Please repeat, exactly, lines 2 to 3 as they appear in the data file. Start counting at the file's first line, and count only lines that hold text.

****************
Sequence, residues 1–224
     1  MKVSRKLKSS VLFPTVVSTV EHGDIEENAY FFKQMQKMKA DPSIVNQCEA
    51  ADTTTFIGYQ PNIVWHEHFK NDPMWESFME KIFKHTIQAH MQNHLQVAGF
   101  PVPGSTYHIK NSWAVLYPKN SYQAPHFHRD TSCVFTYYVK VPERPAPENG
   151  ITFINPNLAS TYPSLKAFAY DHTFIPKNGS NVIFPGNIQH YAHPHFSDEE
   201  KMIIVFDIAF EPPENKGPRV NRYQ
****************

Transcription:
     1  MKVSRKLKSS VLFPTVVSTV EHGDIEENAY FFKQMQKMKA DPSIVNQCEA
    51  ADTTTFIGYQ PNIVWHEHFK NDPMWESFME KIFKHTIQAH MQNHLQVAGF